• Over 37,000 American service members have been killed or injured in Iraq and Afghanistan since 9/11. How many, do you suppose, were send home because of sleep apnea?

  • And, in any case, how could sleep apnea possibly be defined as a service-related condition?

  • Turns out sleep apnea is a little more serious than what I shouted when I read the headline in the Washington Post yesterday morning:
    "He got $200 million in contracts because of being a heavy snorer?"

  • Which scared the cat, awoke the Mullings Director of Standards and Practices, and so was not a good way to start a Sunday in any conceivable dimension.

  • Harding would have skated on his bad bookkeeping on that $54 million contract, there would have been sixteen recess appointments announced last weekend, and every TSA office in every airport in the land would have been sent a color photo of Major General Robert Harding (Ret.) as the TSA's new leader.

  • Alas, Harding bailed at the end of the week after that difficult hearing and, according to the Post, "after The Washington Post raised questions with the White House on Friday about his disabilities status."

  • Who's vetting these people, Michaele and Tareq Salahi?

  • Remember that questionnaire that everyone was supposed to fill out before they could be considered for a job in the Obama Administration during the transition? The final question was:
    "Provide any other information that could be a possible source of embarrassment to you, your family, or the President-elect."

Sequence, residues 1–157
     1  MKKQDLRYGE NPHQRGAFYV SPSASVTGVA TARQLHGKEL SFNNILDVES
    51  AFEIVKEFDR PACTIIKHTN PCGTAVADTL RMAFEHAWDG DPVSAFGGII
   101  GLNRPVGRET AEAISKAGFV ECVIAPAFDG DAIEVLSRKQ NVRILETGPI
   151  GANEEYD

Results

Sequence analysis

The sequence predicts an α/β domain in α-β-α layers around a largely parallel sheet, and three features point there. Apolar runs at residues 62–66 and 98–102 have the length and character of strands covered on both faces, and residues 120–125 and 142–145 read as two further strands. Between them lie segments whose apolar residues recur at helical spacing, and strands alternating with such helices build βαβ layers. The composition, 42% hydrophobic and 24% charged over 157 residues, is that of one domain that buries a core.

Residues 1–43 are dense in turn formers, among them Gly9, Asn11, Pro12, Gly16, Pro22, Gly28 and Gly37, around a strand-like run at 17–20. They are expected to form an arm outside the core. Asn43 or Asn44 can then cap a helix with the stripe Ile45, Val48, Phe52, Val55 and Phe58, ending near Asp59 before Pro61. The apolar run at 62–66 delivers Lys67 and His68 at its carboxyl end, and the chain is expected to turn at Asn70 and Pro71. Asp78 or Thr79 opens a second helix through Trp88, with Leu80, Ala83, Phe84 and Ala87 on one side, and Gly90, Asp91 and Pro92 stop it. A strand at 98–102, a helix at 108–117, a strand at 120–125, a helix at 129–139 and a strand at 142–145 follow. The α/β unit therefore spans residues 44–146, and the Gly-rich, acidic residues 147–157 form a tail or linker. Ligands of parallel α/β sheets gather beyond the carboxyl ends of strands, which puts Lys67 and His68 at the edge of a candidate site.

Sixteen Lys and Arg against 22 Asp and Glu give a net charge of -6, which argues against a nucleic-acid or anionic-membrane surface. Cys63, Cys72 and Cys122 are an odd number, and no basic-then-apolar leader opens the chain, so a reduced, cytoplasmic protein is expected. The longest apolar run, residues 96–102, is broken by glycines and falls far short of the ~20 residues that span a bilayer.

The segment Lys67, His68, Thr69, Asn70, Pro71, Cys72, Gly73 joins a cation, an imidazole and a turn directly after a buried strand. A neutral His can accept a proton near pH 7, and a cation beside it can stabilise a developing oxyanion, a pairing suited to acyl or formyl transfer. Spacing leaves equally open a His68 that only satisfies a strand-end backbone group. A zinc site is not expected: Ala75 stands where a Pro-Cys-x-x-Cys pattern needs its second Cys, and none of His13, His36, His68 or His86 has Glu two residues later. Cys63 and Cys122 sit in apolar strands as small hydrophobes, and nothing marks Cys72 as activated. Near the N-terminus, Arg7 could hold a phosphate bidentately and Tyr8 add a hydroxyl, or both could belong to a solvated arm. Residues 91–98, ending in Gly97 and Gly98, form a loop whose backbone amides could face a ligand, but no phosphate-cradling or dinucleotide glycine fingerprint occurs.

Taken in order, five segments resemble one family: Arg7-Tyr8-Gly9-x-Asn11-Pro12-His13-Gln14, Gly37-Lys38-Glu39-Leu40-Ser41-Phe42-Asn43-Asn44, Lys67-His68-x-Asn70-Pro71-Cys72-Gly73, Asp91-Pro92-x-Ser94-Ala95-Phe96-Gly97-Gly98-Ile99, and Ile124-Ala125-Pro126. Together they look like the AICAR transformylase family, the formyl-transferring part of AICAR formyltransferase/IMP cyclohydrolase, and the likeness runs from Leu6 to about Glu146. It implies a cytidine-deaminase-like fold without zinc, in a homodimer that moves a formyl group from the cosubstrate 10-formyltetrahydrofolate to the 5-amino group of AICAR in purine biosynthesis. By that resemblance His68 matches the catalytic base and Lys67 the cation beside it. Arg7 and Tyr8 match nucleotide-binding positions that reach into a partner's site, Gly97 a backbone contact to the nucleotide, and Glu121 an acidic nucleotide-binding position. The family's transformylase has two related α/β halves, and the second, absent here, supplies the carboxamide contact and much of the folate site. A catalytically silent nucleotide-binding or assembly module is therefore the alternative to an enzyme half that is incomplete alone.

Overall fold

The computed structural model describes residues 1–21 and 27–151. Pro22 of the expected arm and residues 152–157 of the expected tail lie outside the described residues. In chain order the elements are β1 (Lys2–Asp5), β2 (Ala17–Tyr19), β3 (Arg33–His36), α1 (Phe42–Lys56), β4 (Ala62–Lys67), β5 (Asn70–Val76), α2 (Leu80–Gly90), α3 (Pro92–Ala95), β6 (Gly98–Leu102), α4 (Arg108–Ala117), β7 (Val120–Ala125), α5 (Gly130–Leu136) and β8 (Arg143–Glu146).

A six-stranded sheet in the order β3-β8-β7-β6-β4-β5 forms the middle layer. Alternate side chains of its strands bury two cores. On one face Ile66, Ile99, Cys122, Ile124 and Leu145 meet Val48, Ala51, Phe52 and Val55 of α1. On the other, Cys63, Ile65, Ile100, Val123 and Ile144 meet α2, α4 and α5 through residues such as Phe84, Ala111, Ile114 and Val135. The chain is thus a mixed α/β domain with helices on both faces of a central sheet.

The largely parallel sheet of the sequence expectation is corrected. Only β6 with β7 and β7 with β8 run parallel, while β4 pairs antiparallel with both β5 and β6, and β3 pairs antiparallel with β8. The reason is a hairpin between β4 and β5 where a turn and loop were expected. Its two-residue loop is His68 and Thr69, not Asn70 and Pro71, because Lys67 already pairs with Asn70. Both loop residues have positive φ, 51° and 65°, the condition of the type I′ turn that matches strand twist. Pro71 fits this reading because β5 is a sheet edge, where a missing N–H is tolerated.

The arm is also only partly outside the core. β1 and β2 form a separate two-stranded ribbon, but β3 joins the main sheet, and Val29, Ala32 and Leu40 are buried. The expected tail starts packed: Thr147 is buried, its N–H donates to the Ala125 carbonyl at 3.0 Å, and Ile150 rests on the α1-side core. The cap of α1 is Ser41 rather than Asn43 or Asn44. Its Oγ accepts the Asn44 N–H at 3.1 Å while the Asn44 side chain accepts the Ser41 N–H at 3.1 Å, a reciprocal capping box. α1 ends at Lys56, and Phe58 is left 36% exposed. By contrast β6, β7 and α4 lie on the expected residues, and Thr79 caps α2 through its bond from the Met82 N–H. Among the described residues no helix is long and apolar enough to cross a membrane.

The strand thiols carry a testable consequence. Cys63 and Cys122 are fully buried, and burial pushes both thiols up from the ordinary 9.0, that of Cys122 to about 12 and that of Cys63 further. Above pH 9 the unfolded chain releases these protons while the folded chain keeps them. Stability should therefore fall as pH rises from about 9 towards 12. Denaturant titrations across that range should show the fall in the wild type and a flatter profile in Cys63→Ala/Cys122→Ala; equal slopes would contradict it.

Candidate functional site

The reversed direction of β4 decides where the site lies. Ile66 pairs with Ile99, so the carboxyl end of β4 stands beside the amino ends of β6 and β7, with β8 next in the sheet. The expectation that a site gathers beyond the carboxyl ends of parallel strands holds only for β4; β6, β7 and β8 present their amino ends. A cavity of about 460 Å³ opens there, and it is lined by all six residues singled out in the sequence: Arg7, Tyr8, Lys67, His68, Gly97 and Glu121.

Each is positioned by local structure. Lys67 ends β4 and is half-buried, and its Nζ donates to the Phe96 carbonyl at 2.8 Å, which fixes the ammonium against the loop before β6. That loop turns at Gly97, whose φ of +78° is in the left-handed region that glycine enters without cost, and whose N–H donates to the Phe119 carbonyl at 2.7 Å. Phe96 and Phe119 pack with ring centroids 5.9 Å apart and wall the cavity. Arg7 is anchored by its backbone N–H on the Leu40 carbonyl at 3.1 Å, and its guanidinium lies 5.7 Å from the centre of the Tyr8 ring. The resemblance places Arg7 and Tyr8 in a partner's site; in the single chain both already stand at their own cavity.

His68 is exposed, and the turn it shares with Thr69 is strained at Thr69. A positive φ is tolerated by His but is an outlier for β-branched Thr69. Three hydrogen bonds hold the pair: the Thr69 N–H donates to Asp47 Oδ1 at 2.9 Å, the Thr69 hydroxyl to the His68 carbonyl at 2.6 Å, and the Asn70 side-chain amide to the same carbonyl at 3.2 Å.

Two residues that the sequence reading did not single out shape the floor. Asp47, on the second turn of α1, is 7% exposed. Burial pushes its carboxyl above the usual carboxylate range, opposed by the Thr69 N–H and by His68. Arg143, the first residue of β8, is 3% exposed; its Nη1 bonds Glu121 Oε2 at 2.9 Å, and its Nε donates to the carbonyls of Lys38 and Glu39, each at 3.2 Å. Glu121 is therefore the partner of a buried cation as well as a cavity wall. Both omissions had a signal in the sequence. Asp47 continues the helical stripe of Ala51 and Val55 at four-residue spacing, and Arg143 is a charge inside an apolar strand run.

• Maybe they ought to put that one back in.

  • On the Secret Decoder Ring today: Links to the Congressional Research Service explanation of Recess Appointments, and to the Politico and Washington Post stories about Major General Robert B. "Snorey" Harding (Ret.).

    Also a Mullfoto that may confuse you as much as it did me and a Catchy Caption of the Day.

  • Thursday, March 25, 2010

    Be Strong but Civil

  • The discussion about health care reform began to take on an edge last summer during those town hall meetings which became the "August Story." In district after Congressional district, Democrats who had been sent home with a vague theory of a new way to handle health insurance were shouted down and fed up.

  • As we noted at the time, a cardinal rule of politics is: If you don't define yourself or your issue, your opponent will do it for you.

  • And, boy, did the opponents of a federalized health care system define it for the Democrats.

  • Those Democrats who realized they had been outflanked by said that the people who attended those town hall meetings had been organized and turned-out by the GOP.

  • In just a few weeks the Republican Party had gone from being a defeated and dysfunctional organization (which was on the cusp of not just being the minority party; but a minor party) to a highly efficient political juggernaut which could identify, organize, and turn-out hundreds of people at town hall meetings all over the nation.

  • According to Democrats and the press, the GOP had gotten really good, really fast.

  • The Tea Partiers did not start not with health care. They started after an on-air rant by CNBC's Rick Santelli over the way the Obama administration was planning to bail out people who couldn't pay their mortgages.


    The Obama Administration is, today, announcing a yet another series of programs to bail out people who can't pay their mortgages. This time it is aimed at those who are suffering because unemployment is at 9.7 percent and is likely to stay in that range for the foreseeable future.


  • Random groups loosely affiliated themselves into an organization called "The Tea Party" and created a national voice of opposition to one of the many versions of the Democrats' health care reform bill.

  • Republicans in the House and Senate - cut out of the process by the large Democratic majorities in each Chamber - embraced the Tea Partiers and, indeed, came within three votes of stopping the entire process.